At the MassGeneral Institute for Neurodegenerative Disease (MIND), more than 200 scientists, physicians and technical staff are unified behind one goal: to eliminate the devastating effects of neurodegenerative disease.


Alzheimer’s Disease

“Every new Alzheimer’s gene we identify provides clues to the cause of this dreadful disease. Knowledge gained from Alzheimer’s-associated genetic defects should greatly accelerate our efforts to treat and prevent Alzheimer’s disease.”
Rudy Tanzi, PhD
Genetics and Aging Research Unit


ALS substantia nigra

Amyotrophic Lateral Sclerosis (ALS/Lou Gehrig's disease)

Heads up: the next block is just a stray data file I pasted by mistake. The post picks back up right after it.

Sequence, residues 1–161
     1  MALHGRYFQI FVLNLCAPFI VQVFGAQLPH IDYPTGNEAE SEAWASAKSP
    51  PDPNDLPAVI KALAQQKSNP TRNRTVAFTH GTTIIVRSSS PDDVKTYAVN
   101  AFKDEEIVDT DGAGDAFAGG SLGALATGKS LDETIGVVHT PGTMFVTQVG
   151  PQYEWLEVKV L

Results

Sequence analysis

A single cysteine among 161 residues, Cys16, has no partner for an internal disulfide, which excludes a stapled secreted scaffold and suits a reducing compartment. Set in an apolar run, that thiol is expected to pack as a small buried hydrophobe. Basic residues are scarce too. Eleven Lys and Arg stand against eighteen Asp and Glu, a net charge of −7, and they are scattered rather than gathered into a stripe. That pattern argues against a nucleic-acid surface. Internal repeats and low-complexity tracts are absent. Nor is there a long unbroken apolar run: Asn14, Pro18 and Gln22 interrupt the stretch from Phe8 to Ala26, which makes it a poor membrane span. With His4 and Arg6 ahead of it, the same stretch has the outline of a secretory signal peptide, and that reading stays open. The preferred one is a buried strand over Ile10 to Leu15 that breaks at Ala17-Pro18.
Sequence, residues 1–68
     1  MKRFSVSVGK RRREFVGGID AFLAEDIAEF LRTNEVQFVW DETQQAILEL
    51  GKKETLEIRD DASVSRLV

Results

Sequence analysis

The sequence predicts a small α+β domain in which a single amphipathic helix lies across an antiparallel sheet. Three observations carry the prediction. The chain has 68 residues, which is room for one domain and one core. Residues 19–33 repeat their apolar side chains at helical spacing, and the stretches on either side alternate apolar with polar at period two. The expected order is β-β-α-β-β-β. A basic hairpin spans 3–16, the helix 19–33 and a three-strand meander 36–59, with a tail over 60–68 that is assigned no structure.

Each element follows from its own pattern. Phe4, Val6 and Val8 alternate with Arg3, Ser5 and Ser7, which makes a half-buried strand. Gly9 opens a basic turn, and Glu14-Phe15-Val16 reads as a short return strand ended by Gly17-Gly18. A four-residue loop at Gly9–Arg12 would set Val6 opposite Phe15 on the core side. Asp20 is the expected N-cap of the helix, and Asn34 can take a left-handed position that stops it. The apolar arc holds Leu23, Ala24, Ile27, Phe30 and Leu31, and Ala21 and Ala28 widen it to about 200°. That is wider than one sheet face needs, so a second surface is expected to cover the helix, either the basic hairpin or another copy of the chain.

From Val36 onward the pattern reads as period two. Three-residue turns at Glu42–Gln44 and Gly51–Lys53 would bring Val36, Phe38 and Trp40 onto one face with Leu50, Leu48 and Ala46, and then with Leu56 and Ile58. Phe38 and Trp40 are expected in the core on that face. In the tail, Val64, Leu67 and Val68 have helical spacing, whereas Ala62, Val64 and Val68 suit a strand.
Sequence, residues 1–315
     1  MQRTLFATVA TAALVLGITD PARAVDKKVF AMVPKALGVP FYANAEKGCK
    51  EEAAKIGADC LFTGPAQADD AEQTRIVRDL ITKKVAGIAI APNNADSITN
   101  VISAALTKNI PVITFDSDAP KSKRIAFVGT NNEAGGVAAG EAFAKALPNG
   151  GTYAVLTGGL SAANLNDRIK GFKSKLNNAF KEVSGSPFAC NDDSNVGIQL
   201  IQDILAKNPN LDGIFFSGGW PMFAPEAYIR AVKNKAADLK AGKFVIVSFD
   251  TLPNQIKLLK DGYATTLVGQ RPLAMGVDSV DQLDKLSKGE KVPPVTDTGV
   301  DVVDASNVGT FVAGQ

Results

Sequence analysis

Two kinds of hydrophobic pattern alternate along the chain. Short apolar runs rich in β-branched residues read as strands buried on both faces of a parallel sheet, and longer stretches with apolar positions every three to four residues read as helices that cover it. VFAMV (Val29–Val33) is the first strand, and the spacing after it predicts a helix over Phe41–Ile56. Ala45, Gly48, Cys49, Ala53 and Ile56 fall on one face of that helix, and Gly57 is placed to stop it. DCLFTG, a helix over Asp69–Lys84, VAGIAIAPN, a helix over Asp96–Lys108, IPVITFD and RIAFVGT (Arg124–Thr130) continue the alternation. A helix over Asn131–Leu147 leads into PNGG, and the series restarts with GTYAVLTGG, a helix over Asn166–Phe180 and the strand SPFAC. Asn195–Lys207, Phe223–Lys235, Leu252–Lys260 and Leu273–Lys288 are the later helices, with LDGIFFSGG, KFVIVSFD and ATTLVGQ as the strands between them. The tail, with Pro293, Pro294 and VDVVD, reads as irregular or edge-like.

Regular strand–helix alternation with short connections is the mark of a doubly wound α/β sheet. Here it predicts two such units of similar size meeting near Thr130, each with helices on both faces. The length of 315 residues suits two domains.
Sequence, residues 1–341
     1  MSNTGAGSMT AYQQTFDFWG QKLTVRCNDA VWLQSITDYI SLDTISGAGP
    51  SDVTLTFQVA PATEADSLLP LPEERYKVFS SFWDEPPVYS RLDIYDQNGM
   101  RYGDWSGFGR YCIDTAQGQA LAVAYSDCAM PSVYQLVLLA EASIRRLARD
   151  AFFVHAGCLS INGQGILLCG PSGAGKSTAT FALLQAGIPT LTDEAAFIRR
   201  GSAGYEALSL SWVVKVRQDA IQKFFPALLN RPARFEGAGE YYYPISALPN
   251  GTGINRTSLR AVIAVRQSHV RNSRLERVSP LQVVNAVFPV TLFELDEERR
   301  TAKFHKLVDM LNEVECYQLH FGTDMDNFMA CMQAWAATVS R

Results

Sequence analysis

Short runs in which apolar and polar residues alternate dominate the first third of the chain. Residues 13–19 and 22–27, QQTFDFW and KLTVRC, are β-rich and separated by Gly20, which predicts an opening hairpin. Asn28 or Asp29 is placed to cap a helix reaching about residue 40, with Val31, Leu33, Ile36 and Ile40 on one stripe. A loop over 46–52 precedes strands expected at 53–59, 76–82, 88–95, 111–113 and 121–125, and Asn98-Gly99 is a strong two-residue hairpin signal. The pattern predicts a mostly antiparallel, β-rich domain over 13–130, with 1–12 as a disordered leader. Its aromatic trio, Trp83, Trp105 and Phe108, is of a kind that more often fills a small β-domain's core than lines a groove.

“Fifteen years ago, there was no treatment for ALS and not much to try. Now, research discoveries are so numerous that we have to prioritize the most promising ideas.”
Merit Cudkowicz, MD
Director, Mass General Neurology Clinical Trials Unit


H3TG, genetics

Huntington’s Disease

“Large amounts of creatine have to be ingested in order for therapeutic levels to reach the brain, so safety was a big concern.  We were amazed to see that a blood biomarker that detects brain degeneration was normalized, and brain imaging showed a slowing of brain shrinkage.”
Steven Hersch, MD, PhD
Huntington's Disease Clinical Unit


Neurons with plaques

Parkinson’s Disease

“We think that there are important clues about the origin and progression of PD [in data that suggests PD, when it occurs, is more aggressive in women]. Ultimately, we want to determine if PD therapies could be more effective with gender-specific tailoring.”
Anne B. Young, MD, PhD
Director, MassGeneral Institute for Neurodegenerative Disease